The three Democratic presidential candidates currently leading in most polls were in Iowa this past weekend, each stressing the need to enforce current gun regulations in the wake of last week’s shooting rampage on the Virginia Tech campus.
During a stop in Marshalltown, New York Senator Hillary Clinton briefly referred to the Virginia Tech shooter as "crazed" as she answered an audience member’s question about Iraq and North Korea. During an interview with Radio Iowa afterwards, Clinton steered clear of calling for new restrictions on guns. "The first thing we ought to focus on is figuring out what has gone wrong in actually enforcing all the laws that we have," Clinton said. "….It’s come to light that Virginia hasn’t really enforced the provision in the Brady Bill to put information like being committed involuntarily, as the shooter was, into the database and then have the database effective enough so it pops up if somebody tries to buy a gun," Clinton said.
Some link election losses Democrats suffered in 1994 to the fact that some Democrats in congress who lost their reelection bids voted for the federal ban on so-called assault weapons — a ban that was signed into law by President Bill Clinton. The ban expired in 2004, under President Bush.
"You have to balance the Second Amendment rights against keeping guns out of the hands of criminals and people who are unstable — and that has always been what everyone I know has been seeking to accomplish," Senator Clinton said. "Maybe this tragic incident will get us to think about how to get back to that balance."
At one point last week, Illinois Senator Barack Obama referred to the Virginia Tech gunman as "crazy" and during a weekend interview with Radio Iowa, Obama was cautious on the topic of gun control. "It’s early to make a full assessment on how this changes our politics and the public mood," Obama said. "I think all of us are still just overwhelmed with grief for the families and for Virginia Tech."
Obama, too, stressed the need to answer why the background check system failed in allowing the shooter to get guns in the first place. "The evidence, so far at least, indicates that you’ve got a young man who was mentally deranged, was identified as such, was temporarily committed and was still able to obtain handguns," Obama said.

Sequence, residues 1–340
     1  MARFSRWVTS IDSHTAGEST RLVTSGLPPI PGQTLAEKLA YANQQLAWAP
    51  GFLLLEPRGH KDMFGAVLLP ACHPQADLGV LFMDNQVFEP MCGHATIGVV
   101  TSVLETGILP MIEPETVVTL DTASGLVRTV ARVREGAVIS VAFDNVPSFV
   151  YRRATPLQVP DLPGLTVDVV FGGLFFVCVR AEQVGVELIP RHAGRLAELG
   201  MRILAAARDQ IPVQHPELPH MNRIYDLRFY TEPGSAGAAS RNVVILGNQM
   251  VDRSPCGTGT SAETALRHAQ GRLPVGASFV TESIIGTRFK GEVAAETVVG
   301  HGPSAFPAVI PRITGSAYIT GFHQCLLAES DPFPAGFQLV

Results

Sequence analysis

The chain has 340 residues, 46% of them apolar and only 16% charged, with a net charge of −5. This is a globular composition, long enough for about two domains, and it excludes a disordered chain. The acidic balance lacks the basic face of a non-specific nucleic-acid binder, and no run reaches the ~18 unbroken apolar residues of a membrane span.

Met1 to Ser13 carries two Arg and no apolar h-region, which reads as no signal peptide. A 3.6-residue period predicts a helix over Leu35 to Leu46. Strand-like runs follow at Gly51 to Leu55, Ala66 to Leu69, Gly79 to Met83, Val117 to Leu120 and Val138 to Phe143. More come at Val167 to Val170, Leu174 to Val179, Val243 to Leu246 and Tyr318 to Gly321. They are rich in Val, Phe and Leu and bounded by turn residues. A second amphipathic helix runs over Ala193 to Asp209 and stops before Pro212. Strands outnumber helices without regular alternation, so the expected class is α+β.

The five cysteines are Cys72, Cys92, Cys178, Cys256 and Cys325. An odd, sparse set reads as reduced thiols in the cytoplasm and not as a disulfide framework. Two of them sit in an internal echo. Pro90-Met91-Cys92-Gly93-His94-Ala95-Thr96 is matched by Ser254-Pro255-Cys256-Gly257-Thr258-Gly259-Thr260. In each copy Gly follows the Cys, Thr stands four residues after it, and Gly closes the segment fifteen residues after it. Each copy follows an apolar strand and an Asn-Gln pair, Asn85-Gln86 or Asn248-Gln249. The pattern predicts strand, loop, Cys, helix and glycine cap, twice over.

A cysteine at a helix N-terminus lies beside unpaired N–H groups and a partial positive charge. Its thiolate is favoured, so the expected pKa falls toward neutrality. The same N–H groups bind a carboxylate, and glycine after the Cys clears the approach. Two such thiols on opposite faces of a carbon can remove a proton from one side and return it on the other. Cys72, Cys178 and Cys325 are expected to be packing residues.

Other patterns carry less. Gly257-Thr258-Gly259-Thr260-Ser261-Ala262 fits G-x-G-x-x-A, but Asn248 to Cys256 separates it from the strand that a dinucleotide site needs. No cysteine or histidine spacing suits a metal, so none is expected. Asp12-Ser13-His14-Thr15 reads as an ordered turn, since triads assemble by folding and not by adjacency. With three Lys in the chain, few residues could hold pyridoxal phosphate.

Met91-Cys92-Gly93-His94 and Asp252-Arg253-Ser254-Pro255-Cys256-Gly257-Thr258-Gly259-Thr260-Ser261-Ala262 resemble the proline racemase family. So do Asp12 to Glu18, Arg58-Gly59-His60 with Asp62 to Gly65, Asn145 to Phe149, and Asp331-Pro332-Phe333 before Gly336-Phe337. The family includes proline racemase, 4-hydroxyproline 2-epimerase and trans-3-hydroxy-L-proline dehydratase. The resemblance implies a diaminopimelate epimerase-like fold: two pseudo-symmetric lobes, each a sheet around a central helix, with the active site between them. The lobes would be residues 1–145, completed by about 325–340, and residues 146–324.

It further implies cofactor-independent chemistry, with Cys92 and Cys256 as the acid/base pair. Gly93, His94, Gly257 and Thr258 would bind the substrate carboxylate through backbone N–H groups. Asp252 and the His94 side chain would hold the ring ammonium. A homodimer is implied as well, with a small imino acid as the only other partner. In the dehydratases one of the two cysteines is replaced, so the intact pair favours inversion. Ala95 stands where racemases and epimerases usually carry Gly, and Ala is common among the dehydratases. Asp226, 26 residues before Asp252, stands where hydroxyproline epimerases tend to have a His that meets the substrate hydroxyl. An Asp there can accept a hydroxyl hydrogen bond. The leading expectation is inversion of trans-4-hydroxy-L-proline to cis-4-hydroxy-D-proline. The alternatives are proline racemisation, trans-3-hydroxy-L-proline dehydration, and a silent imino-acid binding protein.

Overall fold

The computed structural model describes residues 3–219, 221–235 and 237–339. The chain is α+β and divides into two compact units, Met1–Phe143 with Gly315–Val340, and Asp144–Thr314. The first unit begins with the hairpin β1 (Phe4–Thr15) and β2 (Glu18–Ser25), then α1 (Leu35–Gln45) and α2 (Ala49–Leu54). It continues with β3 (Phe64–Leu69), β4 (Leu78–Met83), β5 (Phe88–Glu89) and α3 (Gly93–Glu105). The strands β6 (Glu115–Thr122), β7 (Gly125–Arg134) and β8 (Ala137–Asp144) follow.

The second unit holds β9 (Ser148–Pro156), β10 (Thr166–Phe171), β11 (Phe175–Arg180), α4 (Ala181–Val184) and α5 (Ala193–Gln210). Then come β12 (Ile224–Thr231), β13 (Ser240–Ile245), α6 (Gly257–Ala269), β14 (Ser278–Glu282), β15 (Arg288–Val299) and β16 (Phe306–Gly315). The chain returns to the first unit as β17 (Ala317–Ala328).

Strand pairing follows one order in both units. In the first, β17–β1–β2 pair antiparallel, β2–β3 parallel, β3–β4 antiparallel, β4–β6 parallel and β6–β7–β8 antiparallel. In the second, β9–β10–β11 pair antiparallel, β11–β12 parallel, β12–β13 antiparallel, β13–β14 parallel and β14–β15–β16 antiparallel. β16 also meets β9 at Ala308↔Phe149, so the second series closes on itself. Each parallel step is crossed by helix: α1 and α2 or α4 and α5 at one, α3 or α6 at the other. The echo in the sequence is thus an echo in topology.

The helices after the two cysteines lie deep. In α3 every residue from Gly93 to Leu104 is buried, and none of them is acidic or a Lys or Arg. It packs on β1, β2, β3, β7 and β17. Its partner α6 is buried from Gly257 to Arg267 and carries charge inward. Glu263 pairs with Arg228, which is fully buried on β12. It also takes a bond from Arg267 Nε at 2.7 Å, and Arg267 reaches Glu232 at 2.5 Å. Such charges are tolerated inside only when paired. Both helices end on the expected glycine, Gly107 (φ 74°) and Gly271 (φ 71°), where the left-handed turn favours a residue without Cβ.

While Obama suggested there may be a need for restrictions on so-called semiautomatic guns, he contends Democrats must steer clear of alienating "lawful" gun owners. "I’m a strong believer in the rights of hunters and sportsmen to have firearms. I’m a believer in homeowners having a firearm to protect their home and their family," Obama said. "It’s hard for me to find a rationale for having a 17-clip semiautomatic."
Former North Carolina Senator John Edwards unveiled a rural agenda this past week that called for a crackdown on gun crimes. "I believe in the Second Amendment and I think it’s important for hunters rights to be protected. It’s part of my culture because of the way I grew up," Edwards said during a news conference Friday night in Des Moines. "But I don’t think you need an AK-47 to hunt…There’s some weapons that are not necessary for sportsmen and hunters."
Edwards, who backs a renewal of the assault weapons ban, also mentioned the breakdown in the Virginia system that allowed the Virginia Tech shooter to obtain a gun in the first place. "We need to do a better job of making sure that the registry that’s being used for the instant check includes people who’ve had some history of mental problems," Edwards said. "There’s a spotted history, but there certainly was some history about this gunman."
Click on the audio link below to hear the three candidates briefly address the issue.